Now no intelligent, candid person would dare affirm that “extreme unction” or anything else performed over a man who is really dead so far as consciousness is concerned, could have the least effect on his spiritual condition. Even Catholics themselves, when pressed, will admit that the performance of rites and ceremonies, or the repetition of prayers, is of no avail if unaccompanied by faith. And yet thousands of professed Protestants, who talk so glibly about the slavish obedience to mere form, show themselves to be as superstitious as their Catholic brethren from whom they have borrowed those forms. In proof of this, we will cite only the so-called baptism of infants.SITI October 6, 1887, page 614.23

    As a matter of fact, infants are never baptized except in the Greek Church; they are only sprinkled; but if we did not know how easy it is to be inconsistent, we should wonder that people who argue against immersion, on the ground that the form is of no consequence, and that baptism is simply “the answer of a good conscience,” should be so scrupulous in regard to a mere form where it is impossible that there should be any conscience at all. Two instances will suffice to show that infant baptism is simply the result of gross superstition that is not exceeded among Roman Catholics.SITI October 6, 1887, page 614.24

    In a recent note on “Children’s Day,” the editor of the Congregationalist said:-SITI October 6, 1887, page 614.25

    “The rite of infant baptism can be made most impressive. Last year a young man of more than twenty, witnessed this ordinance for the first time on Children’s Day. As he watched the pastor take one dear little one after another in his arms to bless them, he said, with deep emotion, ‘If my father and mother had done that when I was a baby, I might have been a different boy.’”SITI October 6, 1887, page 614.26

    If the intelligence indicated by that remark was a fair sample of the product of the brain of that “young man of more than twenty,” we should say that he was even then a proper subject for the administration of “infant baptism.” But we must remember that he simply echoed the sentiments of the church people around him, and that his remark is indorsed by the editor of the Congregationalist. Now we ask, What would have been the difference if that young man had been “baptized” when he was a baby? If that ceremony had been performed, and he had been a model youth, to what would the Congregationalist attribute his goodness? It could not be to any volition on his part, but simply to the magic charm of the few drops of water sprinkled upon him, or to the words uttered by the pastor.SITI October 6, 1887, page 614.27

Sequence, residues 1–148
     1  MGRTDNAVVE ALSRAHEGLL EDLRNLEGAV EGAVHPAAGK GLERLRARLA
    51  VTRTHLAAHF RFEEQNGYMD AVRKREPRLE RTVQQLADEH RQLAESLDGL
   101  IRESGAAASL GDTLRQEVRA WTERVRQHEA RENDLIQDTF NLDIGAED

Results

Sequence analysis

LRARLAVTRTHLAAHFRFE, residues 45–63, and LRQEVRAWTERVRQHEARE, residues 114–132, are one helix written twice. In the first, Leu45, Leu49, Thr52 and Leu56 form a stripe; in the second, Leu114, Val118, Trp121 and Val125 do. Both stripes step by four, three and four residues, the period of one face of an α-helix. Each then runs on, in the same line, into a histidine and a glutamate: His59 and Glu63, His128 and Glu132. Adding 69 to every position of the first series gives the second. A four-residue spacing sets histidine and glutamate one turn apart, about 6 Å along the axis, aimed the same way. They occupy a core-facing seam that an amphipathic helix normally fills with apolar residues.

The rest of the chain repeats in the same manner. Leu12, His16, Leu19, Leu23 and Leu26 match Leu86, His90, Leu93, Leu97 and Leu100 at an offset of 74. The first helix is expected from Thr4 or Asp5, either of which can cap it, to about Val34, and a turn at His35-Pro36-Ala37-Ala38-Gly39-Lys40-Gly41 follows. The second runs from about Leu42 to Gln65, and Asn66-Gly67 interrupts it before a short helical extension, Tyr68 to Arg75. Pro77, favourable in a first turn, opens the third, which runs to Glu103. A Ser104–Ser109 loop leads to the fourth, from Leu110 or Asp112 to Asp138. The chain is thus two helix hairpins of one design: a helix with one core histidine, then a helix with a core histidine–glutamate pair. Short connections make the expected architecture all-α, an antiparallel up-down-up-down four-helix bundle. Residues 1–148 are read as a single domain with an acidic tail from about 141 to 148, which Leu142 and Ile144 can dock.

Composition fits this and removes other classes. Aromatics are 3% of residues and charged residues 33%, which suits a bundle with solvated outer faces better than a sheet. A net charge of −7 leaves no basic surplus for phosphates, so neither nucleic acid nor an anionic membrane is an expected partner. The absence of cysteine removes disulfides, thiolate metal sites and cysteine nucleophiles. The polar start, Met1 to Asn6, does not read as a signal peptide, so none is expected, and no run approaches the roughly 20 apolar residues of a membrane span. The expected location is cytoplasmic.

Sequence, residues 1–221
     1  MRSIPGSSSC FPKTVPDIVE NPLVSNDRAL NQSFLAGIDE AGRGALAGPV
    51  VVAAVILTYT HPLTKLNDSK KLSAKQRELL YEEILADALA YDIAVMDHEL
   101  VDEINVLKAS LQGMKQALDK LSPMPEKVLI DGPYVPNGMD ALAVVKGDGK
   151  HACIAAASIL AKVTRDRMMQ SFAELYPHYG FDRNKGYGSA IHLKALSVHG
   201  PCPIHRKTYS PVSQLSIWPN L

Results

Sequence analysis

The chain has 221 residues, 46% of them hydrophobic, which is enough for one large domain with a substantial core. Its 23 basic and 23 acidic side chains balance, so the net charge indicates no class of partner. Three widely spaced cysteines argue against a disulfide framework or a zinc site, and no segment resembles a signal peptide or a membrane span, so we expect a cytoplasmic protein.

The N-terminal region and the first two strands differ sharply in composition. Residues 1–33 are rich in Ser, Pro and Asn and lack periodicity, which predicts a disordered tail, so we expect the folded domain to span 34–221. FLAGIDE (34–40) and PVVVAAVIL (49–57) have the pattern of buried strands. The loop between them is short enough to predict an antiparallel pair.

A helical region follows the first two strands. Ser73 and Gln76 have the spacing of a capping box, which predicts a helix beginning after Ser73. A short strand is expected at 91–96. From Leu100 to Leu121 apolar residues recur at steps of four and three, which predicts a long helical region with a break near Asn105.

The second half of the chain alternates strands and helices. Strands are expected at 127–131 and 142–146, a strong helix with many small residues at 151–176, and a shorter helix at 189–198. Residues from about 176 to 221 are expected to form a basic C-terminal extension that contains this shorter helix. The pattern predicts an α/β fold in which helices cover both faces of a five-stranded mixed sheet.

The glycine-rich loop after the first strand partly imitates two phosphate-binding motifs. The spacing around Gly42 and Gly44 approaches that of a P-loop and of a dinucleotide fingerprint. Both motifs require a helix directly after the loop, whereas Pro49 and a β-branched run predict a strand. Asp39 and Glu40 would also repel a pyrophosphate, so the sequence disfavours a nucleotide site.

But we have another case in which the element of superstition is so prominent as to be laughable. In the Advance of September 22, A. L. Frisbie, D. D., has an account of a “Sunday with the Stonies,” a tribe of Indians on their reservation near the line of the Canadian Pacific, who have been civilized by missionary effort. He tells of the crowds that flocked to church, of the good order, of the reverence during prayer, and of the enthusiasm with which they sang “Old Hundred,” and continues: “A baby was presented for baptism after the benediction. Fortunately he was asleep, so that he could not express any disapprobation of the proceeding.” And then in all seriousness he goes on to say that mothers and nurses might learn a lesson from the way in which this baby was “put up,” because he was placed in a casket shaped to the tiny form, the whole wrapped and bound, and his limbs, body, and head so snugly cased and held, that he “could not kick if he wanted to.” If he had been awake, he could not have objected to the proceeding except by yelling. “Fortunately he was asleep,” and so the beautiful ceremony was not marred.SITI October 6, 1887, page 614.28